'Did the flood teach them nothing?'
QUEENSLAND Rail's decision not to flood-proof the rail lines in the Lockyer Valley following last year's flood has left a local MP scratching his head.
LNP Member for Lockyer Ian Rickuss said the lack of drainage along the rail line turned it into a levee bank.
The recently released Flood Commission Report states that Queensland Rail did not consider improvements to the line after the flood were warranted.
"No other specific improvements were seen as being necessary, on either the metropolitan or the regional track systems, including on the West Moreton line running through the Lockyer Valley from Rosewood to Toowoomba," it reads.
The report said QR upgraded rail lines only in central Queensland with other lines restored to pre-flood condition.
"This meant restoring the network to its former 'flood-proof ' status without making improvements to the flood immunity of any of its railways."
The section of the report stunned Mr Rickuss.
"The Inquiry should have asked residents of many of the towns and villages including Laidley, Forest Hill, Grantham and Murphy's Creek about the devastation and inundation caused by the lack of appropriate culverts under the railway lines to allow the water to flow through and stop the railway lines acting as levee banks," he said.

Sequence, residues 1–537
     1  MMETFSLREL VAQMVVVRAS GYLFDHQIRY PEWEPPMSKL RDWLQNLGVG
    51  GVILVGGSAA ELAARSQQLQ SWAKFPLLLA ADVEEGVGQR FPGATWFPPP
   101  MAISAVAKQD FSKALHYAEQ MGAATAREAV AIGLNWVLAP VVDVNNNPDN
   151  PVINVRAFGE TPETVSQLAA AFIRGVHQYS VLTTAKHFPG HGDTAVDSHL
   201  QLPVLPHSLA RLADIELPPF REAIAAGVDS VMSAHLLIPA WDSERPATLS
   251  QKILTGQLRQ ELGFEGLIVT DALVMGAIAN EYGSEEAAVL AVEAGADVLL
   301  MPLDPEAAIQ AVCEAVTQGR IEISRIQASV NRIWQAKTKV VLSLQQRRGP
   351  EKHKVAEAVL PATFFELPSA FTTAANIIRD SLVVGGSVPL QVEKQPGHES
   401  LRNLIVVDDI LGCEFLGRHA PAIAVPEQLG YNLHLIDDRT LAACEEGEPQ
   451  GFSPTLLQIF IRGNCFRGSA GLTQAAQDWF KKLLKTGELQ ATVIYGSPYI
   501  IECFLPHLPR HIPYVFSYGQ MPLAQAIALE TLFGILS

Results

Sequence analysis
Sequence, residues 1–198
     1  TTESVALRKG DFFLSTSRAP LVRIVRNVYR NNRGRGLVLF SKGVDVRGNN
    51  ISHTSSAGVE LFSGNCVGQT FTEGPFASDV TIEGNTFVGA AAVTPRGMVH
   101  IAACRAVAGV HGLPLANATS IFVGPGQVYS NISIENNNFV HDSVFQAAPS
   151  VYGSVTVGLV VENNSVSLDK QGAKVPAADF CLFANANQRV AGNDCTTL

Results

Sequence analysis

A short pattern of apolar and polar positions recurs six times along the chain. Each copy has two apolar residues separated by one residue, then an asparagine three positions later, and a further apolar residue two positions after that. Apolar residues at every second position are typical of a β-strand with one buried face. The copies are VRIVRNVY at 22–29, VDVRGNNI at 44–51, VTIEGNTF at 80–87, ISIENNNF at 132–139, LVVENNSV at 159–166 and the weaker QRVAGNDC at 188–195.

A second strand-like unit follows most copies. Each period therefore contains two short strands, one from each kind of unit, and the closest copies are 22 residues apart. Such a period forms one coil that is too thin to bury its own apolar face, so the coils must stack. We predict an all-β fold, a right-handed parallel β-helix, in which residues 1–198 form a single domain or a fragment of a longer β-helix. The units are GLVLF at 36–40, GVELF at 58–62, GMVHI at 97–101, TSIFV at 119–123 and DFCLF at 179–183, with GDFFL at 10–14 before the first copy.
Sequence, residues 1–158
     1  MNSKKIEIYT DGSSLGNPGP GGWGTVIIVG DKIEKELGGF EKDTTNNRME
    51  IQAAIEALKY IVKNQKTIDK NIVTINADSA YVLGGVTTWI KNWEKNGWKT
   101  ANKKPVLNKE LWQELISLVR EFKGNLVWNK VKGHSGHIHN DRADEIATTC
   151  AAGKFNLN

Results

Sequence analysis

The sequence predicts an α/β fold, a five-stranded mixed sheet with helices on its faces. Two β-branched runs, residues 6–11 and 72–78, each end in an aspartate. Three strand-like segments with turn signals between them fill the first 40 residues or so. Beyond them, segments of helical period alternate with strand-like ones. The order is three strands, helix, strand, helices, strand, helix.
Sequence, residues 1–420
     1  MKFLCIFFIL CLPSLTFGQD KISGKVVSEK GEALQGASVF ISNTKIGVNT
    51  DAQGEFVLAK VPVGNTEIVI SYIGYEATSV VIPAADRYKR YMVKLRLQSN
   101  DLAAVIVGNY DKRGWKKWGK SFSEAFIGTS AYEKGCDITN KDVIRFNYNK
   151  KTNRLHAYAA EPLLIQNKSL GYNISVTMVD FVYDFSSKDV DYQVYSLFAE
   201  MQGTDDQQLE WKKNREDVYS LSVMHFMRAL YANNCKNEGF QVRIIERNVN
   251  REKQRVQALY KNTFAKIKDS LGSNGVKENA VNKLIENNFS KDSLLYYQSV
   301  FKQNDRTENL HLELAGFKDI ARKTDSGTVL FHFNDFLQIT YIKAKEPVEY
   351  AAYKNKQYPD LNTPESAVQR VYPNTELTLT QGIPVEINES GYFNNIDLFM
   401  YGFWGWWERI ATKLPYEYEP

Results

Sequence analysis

Mr Rickuss said residents across the Valley and especially in Forest Hill, where the train lines run through the middle of the town, were concerned no lessons had been learnt from the flood that devastated their town.
However, a QR spokesman said drainage along the line was an ongoing concern.
"Queensland Rail is committed to working with the Lockyer Valley Regional Council and all other stakeholders with regards to drainage along the West Moreton rail line," he said.
"Queensland Rail will wait until the final report of the Lockyer Creek Flood Study is tabled before making any major decisions on future upgrades."
Despite his concerns regarding their actions after the flood Mr Rickuss praised QR's behaviour in the days leading up to the disaster when they closed the track.